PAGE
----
Valley Forge National Historical Park | CHAPEL TRAIL

Chapel Trail at Valley Forge National Historical Park

Chapel Trail at Valley Forge National Historical Park

Length: 2.3 miles (one way)
Time: 1 hour on foot, 30 minutes on bike
Difficulty: Moderate with some very steep hills

Download the Valley Forge Trail Map (PDF)

The Chapel Trail at Valley Forge National Historical Park runs along the railroad tracks from near the Visitor Center on the east side of the park to Washington’s Headquarters on the west side. It is open to hikers, bikers, and horseback riders. The trail is 2.3 miles long, but if you want a longer hike, you can make a nice loop around the entire park by including a small section of the Horse-Shoe Trail, the entire Valley Creek, Yellow Springs, and Knox trails, and the southern half of the Joseph Plumb Martin Trail. Total distance is 8.8 miles. All of these trails allow hikers and bikers, but no horses are allowed on the J. P. Martin Trail.

I started my bike ride on the Chapel Trail at the Visitor Center. It is not possible to park a vehicle at the trail’s east side trailhead because all roads leading to it are now closed to vehicle traffic. From the Visitor Center parking lot, take the bike path at the entrance (road will be on your right). This connects to the J. P. Martin Trail at Valley Forge Park Road, the main road near the Visitor Center. Take a left and follow the signs to SULLIVAN’S BRIDGE & SCHUYLKILL RIVER TRAIL. Two hundred yards down is a crosswalk where you will cross the road and continue on the paved bike path (the former County Line Road that is now closed to vehicles). Take the first left on Station Road and in less than 100 yards you will see three abandoned buildings. If you cross the railroad tracks and end up at the Schuylkill River, you went too far.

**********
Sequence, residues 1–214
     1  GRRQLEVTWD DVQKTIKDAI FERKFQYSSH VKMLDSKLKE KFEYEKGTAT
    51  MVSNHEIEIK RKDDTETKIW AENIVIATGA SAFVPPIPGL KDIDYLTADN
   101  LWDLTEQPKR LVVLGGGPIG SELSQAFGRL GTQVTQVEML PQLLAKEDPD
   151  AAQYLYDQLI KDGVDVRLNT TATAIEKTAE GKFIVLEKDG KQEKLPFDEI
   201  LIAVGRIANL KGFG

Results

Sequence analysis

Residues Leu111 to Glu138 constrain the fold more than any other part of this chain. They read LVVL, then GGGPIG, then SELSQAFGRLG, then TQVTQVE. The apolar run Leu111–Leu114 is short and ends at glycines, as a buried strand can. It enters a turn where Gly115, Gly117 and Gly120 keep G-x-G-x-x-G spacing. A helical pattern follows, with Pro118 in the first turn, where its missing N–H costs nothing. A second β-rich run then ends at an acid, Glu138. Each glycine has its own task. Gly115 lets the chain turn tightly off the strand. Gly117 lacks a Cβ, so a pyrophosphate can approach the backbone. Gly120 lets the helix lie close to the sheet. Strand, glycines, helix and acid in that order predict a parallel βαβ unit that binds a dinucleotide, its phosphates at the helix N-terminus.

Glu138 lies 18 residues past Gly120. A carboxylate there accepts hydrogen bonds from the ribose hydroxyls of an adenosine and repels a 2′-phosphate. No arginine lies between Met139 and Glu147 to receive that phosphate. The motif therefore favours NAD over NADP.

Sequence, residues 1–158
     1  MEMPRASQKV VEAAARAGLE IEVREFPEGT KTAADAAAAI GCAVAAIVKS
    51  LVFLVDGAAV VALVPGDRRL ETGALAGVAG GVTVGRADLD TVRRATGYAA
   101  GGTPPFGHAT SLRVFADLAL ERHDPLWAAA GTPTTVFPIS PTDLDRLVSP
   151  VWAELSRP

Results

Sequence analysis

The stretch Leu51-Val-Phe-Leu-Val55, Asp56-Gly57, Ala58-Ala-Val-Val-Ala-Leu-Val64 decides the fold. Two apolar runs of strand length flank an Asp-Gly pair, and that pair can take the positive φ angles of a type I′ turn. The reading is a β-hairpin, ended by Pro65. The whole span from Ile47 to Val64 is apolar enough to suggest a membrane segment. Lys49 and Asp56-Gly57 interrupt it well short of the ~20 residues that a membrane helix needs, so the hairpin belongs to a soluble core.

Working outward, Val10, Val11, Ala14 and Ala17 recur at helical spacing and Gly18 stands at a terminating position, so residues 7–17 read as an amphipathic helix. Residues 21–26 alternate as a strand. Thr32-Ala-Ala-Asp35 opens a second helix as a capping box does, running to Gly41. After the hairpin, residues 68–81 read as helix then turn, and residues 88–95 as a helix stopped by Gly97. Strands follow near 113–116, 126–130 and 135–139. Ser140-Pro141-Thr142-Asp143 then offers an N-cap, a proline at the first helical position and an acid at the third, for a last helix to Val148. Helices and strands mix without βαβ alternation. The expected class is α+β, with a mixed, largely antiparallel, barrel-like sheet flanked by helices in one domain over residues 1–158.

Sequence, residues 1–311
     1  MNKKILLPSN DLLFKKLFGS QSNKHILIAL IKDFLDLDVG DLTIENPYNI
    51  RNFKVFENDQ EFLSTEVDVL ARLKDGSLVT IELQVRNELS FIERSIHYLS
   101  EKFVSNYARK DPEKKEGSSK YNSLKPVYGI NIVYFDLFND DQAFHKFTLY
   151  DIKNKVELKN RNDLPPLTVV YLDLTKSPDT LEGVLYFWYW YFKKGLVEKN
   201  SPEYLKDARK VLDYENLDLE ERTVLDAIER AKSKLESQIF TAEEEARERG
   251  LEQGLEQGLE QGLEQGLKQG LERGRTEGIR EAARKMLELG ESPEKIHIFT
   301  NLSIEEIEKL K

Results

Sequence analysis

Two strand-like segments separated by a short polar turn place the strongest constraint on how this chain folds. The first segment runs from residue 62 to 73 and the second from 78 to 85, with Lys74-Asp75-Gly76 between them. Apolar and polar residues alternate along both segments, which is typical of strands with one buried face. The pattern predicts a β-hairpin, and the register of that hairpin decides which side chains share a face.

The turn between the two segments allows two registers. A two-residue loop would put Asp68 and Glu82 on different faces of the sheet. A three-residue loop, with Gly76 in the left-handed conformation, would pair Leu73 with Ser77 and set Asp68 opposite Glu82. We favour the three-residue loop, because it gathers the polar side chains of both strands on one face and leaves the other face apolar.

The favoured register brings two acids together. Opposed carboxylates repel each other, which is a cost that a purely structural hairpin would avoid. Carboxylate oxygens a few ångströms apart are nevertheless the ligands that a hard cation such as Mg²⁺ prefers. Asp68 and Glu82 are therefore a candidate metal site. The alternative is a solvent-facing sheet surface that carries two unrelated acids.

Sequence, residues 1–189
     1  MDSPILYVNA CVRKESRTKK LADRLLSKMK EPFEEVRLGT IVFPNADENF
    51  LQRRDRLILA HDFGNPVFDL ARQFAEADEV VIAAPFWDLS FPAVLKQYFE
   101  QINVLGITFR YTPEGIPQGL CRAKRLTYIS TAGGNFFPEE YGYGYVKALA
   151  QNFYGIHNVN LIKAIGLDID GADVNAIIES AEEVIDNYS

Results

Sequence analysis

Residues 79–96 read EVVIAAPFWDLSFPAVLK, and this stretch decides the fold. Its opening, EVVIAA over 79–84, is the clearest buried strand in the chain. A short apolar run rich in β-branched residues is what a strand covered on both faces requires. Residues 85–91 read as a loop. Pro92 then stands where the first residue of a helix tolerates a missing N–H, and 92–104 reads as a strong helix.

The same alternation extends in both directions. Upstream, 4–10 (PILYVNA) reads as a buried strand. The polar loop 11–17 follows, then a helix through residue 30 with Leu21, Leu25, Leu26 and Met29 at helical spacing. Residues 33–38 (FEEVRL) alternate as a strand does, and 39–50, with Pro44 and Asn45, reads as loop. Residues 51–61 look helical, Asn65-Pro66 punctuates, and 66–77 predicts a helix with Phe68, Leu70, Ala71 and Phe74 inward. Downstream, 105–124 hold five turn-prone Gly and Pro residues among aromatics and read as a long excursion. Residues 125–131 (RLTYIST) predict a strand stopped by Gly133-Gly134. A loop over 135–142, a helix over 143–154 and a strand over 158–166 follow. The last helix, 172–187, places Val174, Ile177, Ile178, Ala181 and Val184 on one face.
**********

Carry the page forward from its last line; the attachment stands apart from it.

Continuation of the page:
To get to the Chapel Trail, at Valley Forge, cross Valley Forge Park Road and proceed up County Line Road

To get to the Chapel Trail, cross Valley Forge Park Road and proceed up County Line Road